After removal of the N- and C-procollagen propeptides, fibrillar collagen molecules aggregate into microfibrillar arrays, stabilized by covalent intermolecular cross-links. These depend on the oxidative deamination of specific lysine or hydroxylysine residues in the telopeptide region by lysyl oxidase (LOX) with the subsequent spontaneous formation of covalent intermolecular cross-links (Pinnell & Martin 1968, Siegel et al. 1970, 1974, Maki 2009, Nishioka et al. 2012). Hydroxylysine is formed intracellularly by lysine hydroxylases (LH). There are different forms of LH responsible for hydroxylation of helical and telopeptide lysines (Royce & Barnes 1985, Knott et al.1997, Takaluoma et al. 2007, Myllyla 2007). The chemistry of the cross-links formed depends on whether lysines or hydroxylysines are present in the telopeptides (Barnes et al. 1974), which depends on the proportion of collagen lysines post-translationally converted to hydroxylysine by LH. The lysine pathway predominates in adult skin, cornea and sclera while the hydroxylysine pathway occurs primarily in bone, cartilage, ligament, tendons, embryonic skin and most connective tissues (Eyre 1987, Eyre & Wu 2005, Eyre et al. 2008). Oxidative deamination of lysine or hydroxylysine residues by LOX generates the allysine and hydroxyallysine aldehydes respectively. These can spontaneously react with either another aldehyde to form an aldol condensation product (intramolecular cross-link), or with an unmodified lysine or hydroxylysine residue to form intermolecular cross-links.
The pathway of cross-linking is regulated primarily by the hydroxylation pattern of telopeptide and triple-helix domain lysine residues. When lysine residues are the source of aldehydes formed by lysyl oxidase the allysine cross-linking pathway leads to the formation of aldimine cross-links (Eyre & Wu 2005). These are stable at physiological conditions but readily cleaved at acid pH or elevated temperature. When hydroxylysine residues are the source of aldehydes formed by lysyl oxidase the hydroxyallysine cross-linking pathway leads to the formation of more stable ketoimine cross-links.
Telopeptide lysine residues can be converted by LOX to allysine, which can react with a helical hydroxylysine residue forming the lysine aldehyde aldimine cross-link dehydro hydroxylysino norleucine (deHHLNL) (Bailey & Peach 1968, Eyre et al. 2008). If the telopeptide residue is hydroxylysine, the hydroxyallysine formed by LOX can react with a helical hydroxylysine forming the Schiff base, which spontaneously undergoes an Amadori rearrangement resulting in the ketoimine cross link hydroxylysino 5 ketonorleucine (HLKNL). This stable cross-link is formed in tissues where telopeptide residues are predominanly hydroxylated, such as foetal bone and cartilage, accounting for the relative insolubility of collagen from these tissues (Bailey et al. 1998). In bone, telopeptide hydroxyallysines can react with the epsilon-amino group of a helical lysine (Robins & Bailey 1975). The resulting Schiff base undergoes Amadori rearrangement to form lysino-hydroxynorleucine (LHNL). An alternative mechanism of maturation of ketoimine cross-links has been reported in cartilage leading to the formation of arginoline (Eyre et al. 2010).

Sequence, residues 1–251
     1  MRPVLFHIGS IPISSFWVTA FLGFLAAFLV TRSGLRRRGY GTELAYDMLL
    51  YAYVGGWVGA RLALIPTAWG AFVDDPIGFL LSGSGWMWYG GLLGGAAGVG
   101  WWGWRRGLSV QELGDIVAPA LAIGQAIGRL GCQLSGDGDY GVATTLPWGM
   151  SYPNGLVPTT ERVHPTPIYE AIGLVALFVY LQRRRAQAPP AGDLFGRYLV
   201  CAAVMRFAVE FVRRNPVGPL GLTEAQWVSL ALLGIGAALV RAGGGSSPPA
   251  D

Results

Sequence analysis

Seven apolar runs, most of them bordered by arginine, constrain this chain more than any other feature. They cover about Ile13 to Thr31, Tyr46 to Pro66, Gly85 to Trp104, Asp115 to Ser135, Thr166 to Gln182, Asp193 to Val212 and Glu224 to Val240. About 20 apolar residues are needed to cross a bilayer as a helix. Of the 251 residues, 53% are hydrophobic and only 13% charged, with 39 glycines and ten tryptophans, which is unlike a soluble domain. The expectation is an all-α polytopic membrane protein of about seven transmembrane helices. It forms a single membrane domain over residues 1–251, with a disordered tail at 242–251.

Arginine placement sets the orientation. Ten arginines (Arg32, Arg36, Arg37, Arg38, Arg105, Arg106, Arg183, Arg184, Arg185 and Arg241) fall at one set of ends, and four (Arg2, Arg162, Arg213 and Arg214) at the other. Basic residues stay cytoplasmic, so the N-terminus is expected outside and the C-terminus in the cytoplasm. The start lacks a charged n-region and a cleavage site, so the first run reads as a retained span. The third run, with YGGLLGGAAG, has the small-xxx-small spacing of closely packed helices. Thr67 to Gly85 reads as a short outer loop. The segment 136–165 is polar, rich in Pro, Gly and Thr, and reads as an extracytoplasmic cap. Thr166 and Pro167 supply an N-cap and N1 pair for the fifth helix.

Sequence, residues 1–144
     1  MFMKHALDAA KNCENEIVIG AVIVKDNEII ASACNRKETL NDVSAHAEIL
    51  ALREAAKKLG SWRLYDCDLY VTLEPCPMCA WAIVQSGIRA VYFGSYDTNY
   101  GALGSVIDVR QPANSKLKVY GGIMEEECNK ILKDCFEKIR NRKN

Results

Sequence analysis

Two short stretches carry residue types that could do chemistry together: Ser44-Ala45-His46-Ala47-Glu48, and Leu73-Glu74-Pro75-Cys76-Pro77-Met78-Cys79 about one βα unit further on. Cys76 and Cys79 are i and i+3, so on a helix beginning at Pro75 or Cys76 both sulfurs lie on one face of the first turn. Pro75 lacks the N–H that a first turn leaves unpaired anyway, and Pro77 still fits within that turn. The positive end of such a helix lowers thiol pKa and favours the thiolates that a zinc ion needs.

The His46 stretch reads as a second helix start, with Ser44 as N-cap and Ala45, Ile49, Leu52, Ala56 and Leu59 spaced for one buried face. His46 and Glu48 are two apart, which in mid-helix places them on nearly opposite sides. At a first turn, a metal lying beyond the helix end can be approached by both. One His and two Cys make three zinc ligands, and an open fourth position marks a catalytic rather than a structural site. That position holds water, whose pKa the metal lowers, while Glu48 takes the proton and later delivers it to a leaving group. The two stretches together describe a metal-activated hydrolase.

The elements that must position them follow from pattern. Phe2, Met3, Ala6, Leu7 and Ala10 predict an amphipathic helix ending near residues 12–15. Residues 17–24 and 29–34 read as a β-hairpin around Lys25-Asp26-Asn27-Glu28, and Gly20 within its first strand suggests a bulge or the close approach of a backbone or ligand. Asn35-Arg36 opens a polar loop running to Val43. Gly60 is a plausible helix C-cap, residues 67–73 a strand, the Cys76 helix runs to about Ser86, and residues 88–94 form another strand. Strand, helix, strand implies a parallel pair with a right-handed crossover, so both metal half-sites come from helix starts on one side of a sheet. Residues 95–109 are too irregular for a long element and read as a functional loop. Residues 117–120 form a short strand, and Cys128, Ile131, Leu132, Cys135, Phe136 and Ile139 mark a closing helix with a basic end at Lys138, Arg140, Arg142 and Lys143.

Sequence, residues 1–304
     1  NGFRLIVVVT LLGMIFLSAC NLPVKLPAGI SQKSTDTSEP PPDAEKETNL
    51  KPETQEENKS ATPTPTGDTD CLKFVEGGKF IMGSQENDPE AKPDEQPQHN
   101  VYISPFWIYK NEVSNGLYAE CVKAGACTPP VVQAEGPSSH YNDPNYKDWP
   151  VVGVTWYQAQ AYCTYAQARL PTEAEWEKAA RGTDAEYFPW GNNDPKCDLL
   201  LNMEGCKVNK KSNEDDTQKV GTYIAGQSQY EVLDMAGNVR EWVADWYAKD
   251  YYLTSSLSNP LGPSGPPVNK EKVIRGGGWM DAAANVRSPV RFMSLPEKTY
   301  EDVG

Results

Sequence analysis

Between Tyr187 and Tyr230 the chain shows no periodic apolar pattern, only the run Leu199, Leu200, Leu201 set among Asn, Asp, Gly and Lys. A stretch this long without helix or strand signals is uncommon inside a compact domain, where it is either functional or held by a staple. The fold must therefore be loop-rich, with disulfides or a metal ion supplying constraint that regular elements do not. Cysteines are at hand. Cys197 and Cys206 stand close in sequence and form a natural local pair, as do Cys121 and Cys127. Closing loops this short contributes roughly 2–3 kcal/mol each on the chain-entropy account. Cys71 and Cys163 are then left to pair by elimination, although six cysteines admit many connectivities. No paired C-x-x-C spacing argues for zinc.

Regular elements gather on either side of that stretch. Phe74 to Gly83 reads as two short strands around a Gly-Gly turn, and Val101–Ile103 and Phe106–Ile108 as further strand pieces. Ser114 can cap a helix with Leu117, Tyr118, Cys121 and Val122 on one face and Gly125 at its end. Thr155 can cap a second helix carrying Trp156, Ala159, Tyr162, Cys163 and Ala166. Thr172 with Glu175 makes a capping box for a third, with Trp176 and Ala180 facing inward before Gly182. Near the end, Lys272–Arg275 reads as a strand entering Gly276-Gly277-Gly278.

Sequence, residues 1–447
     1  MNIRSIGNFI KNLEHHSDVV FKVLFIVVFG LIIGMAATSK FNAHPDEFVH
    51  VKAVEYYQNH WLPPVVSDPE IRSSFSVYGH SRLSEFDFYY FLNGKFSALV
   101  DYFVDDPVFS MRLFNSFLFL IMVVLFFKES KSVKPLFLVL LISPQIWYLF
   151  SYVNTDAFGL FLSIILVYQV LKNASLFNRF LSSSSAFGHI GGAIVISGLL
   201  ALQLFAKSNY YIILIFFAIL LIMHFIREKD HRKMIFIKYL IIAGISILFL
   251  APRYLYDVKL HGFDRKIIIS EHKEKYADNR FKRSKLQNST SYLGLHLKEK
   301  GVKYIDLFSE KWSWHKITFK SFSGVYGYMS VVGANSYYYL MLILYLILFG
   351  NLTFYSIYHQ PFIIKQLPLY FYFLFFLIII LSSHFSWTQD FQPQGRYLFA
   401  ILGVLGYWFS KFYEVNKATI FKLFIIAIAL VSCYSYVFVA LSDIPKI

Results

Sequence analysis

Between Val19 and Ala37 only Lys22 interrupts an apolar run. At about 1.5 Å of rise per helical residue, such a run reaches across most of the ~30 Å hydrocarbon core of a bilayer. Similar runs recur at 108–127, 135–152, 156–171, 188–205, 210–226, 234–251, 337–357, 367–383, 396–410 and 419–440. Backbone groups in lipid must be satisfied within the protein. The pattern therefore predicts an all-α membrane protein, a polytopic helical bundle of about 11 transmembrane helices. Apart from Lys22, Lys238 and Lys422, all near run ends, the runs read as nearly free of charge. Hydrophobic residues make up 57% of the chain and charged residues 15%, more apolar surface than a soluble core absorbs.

These divalent crosslinks greatly diminish as connective tissues mature, due to further spontaneous reactions (Bailey & Shimokomaki 1971, Robins & Bailey 1973) with neighbouring peptides that result in tri- and tetrafunctional cross-links. In mature tissues collagen cross-links are predominantly trivalent. The most common are pyridinoline or 3-hydroxypyridinium cross-links, namely hydroxylysyl-pyridinoline (HL-Pyr) and lysyl-pyridinoline (L-Pyr) cross-links (Eyre 1987, Ogawa et al. 1982, Fujimoto et al. 1978). HL-Pyr is formed from three hydroxylysine residues, HLKNL plus a further hydroxyallysine. It predominates in highly hydroxylated collagens such as type II collagen in cartilage. L-Pyr is formed from two hydroxylysines and a lysine, LKNL plus a further hydroxyallysine, found mostly in calcified tissues (Bailey et al. 1998). Trivalent collagen cross-links can also form as pyrroles, either Lysyl-Pyrrole (L-Pyrrole) or hydroxylysyl-pyrrole (HL-Pyrrole), respectively formed when LKNL or HLKNL react with allysine (Scott et al. 1981, Kuypers et al. 1992). A further three-way crosslink can form when DeH-HLNL reacts with histidine to form histidino-hydroxylysinonorleucine (HHL), found in skin and cornea (Yamauchi et al. 1987, 1996). This can react with an additional lysine to form the tetrafunctional cross-link histidinohydroxymerodesmosine (Reiser et al. 1992, Yamauchi et al. 1996).
Another mechanism which could be involved in the cross-linking of collagen IV networks is the sulfilimine bond (Vanacore et al. 2009), catalyzed by peroxidasin, an enzyme found in basement membrane (Bhave 2012).
To improve clarity inter-chain cross-linking is represented here for Collagen type I only. Although the formation of each type of cross-link is represented here as an independent event, the partial and random nature of lysine hydroxylation and subsequent lysyl oxidation means that any combination of these cross-linking events could occur within the same collagen fibril .